Senate Report on Iraq Intel Points to Role of Jerusalem
By Ori Nir
July 16, 2004 "The Forward" -- WASHINGTON — Cooperation between Israel and the United States helped produce a series of intelligence failures in the lead up to the Iraq war, according to separate reports issued by members of the Senate and the Knesset.
The Senate Intelligence Committee, in its report issued last week, blasted the Central Intelligence Agency for poor intelligence gathering and analysis, and concluded that the U.S. "intelligence community depended too heavily on defectors and foreign government services" to make up for America's lack of human intelligence in Iraq. The credibility of these outside sources was difficult to ascertain and, as a result, the United States was left open to manipulation by foreign governments, the Senate report concluded.
In particular, the Senate report claimed, America had become completely dependent on foreign sources to evaluate Saddam Hussein's ties to Hamas, Hezbollah and other Palestinian terrorist organizations. On this front, the Senate committee concluded that the foreign intelligence was "credible." On the issue of weapons of mass destruction, however, the Senate report concluded that the United States relied on incorrect intelligence to argue that Iraq possessed weapons of mass destruction.
Any direct references to Israel were blacked out of the published version of the Senate report, but an earlier report issued in March by a Knesset committee made it clear that U.S. and Israeli intelligence agencies were working together and exchanging information.
"In this particular case, nobody had hard, on-the-ground intelligence information," said Gerald Steinberg, a professor at Israel's Bar Ilan University and an expert on American-Israeli security relations.
Intelligence agencies, Steinberg said, were relying on a combination of data collected from Iraqi defectors, as well as radio monitoring or signal intelligence. The intelligence community, Steinberg said, "looked for the signal intelligence to verify what they got from the defectors. When you're doing that, and you don't have ground truth, you can usually find enough information to apparently verify what you're looking to verify."
Along similar lines, the Senate report criticized what it described as the creation of an "assumption train" — a chain of false assumptions based on faulty, unscrutinized intelligence. Judging from the Knesset report, issued in March by an investigative committee appointed by the Israeli parliament's Foreign Affairs and Defense Committee, several of the assumption train's cars were made in Israel.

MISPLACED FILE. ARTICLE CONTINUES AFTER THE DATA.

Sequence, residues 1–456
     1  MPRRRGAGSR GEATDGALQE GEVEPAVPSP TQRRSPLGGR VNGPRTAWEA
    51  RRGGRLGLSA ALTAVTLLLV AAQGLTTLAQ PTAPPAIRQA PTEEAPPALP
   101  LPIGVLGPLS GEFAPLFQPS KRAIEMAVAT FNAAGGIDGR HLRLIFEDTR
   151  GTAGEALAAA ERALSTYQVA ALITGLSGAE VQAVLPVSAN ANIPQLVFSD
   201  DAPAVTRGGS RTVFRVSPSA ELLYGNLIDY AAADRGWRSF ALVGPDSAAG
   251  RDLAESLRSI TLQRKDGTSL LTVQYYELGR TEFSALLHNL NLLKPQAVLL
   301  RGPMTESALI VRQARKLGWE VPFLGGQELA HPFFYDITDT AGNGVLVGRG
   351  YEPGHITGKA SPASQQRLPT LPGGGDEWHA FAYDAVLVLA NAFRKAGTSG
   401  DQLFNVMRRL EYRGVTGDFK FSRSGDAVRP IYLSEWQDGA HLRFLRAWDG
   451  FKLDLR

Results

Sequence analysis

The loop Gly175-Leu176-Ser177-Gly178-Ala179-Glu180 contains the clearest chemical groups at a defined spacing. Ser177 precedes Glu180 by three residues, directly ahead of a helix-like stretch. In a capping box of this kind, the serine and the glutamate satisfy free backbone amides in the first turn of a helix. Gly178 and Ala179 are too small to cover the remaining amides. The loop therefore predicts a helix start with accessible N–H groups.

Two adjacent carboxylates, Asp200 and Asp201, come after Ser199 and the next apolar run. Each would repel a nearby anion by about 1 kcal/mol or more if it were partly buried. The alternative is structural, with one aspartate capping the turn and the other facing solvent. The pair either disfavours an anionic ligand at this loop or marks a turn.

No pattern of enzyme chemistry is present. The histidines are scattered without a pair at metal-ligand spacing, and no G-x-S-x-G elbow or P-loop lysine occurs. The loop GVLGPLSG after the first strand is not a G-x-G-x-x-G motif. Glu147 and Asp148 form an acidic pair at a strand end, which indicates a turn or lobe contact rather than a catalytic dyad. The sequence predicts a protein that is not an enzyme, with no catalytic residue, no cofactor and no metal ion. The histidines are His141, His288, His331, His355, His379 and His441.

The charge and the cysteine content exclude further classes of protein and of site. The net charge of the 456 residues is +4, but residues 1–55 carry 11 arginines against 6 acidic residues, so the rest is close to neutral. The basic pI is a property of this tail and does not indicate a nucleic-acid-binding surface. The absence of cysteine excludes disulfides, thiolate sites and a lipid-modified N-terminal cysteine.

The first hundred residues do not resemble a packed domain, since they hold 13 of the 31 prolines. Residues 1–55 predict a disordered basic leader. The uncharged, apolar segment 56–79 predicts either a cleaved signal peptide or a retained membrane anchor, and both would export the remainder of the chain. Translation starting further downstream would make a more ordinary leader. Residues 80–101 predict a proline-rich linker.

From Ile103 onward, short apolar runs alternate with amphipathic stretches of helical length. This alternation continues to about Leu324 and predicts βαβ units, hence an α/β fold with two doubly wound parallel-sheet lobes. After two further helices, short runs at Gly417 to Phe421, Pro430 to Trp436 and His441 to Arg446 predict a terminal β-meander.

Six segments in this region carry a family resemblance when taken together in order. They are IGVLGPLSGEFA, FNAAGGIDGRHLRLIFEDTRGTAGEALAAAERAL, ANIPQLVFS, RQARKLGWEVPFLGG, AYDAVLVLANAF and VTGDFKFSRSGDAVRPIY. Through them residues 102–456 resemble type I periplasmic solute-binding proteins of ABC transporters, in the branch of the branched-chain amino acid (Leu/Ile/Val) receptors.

But while the Knesset report harshly criticized the Israeli intelligence community, it also pointed a negative finger at the United States and other countries. Referring to Iraq's weapons of mass destruction, the Knesset report argued that "the intelligence picture that Military Intelligence and the Mossad put together relied, among other sources, and to a significant extent, on the assessments of fellow intelligence services which were similar to Israel's intelligence."
In turn, the Knesset report stated, foreign intelligence services relied on intelligence passed on by Israel that actually originated from operatives working for other governments. The result, according to the Israeli report, was "a vicious cycle of sorts in the form of a reciprocal feedback, which at times was more damaging than beneficial. It very well may be that the assessments given by an Israeli intelligence organization, or any other organization, to a fellow organization, were passed from hand to hand, played a central role in making up the assessments of that foreign organization, and then eventually returned to the original organization as an assessment of a different intelligence organization. That assessment, in turn, was immediately perceived as a reinforcement and validation by a reliable source, of the original Israeli assessment."
Both the Senate and Knesset reports criticized their country's respective intelligence agencies for drawing incorrect conclusions from faulty assumptions and for engaging in what U.S. lawmakers described as groupthink — a collective reasoning that is not challenged by healthy skepticism.